Word Alive Now Blog
Wycliffe Bible Translators of Canada is pleased to announce the appointment of Jon Imbeau as its new president, effective October 15, 2023.
The Naskapi people of northeastern Quebec now have access to the book of Exodus in their heart language.
More than half of all languages on earth now have Bible translation work happening—some for the first time and some working toward complete Bibles or undergoing revisions.
The Plain English Version (PEV) Mini-Bible is an English translation of the Bible designed specifically for Aboriginal Australians who speak English as a second language.
“If we care about people actually having life in the world,” says writer and speaker Ann Voskamp, “. . . how can they know what it means to be fully human apart from God’s Word?”
“I intended to make the navy a career, but after about 12 years on active duty, my first child was born, and my father died from cancer. I started to question my future and my priorities. I prayed for the Lord to show me the way.”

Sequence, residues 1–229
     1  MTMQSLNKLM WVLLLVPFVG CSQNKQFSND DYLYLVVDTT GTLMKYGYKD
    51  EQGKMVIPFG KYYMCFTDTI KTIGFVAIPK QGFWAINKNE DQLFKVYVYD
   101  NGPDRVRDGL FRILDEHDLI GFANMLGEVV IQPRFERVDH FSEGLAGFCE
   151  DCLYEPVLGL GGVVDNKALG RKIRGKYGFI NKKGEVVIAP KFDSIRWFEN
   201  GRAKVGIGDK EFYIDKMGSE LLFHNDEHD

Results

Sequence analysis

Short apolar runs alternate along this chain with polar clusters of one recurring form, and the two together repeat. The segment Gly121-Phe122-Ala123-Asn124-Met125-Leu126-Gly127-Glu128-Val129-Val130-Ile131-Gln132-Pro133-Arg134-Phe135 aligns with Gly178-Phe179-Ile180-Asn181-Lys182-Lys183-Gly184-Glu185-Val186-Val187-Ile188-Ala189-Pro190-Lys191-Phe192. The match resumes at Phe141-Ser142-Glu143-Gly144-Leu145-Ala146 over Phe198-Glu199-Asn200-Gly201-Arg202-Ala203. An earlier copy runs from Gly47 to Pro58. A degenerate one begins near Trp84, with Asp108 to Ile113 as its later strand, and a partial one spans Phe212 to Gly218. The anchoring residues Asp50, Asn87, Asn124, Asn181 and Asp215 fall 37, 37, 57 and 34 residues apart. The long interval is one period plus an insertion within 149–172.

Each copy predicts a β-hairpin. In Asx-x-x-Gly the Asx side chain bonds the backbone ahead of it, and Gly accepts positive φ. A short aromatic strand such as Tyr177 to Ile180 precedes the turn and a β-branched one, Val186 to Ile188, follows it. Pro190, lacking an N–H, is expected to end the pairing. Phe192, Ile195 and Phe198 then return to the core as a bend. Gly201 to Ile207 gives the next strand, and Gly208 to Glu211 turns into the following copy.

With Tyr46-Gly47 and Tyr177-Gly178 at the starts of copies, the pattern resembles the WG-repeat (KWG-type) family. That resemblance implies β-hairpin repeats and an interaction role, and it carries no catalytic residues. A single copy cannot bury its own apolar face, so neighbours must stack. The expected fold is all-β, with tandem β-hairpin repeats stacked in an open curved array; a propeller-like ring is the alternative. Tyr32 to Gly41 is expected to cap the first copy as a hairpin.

A Cameroonian man who supervised Bible translation work in the Mfumte cluster of languages in Northwest Cameroon has been killed, after being kidnapped by a group of armed men earlier this month.
Two members of the Eastern Lawa translation team share the dramatic story of their journey to faith in Christ.
Wycliffe Canada’s board of directors has appointed a long-serving Wycliffe member to serve as interim president, following the resignation of Roy Eyre. Sharyn Thomson, who joined Wycliffe’s staff in 1986, brings more than 36 years of experience in the Bible translation movement in Francophone West Africa.
In my work with the global Deaf community, I’ve discovered that less than two percent of the Deaf identify as followers of Jesus. But new technology offered by Wycliffe and their global partners is trying to change that.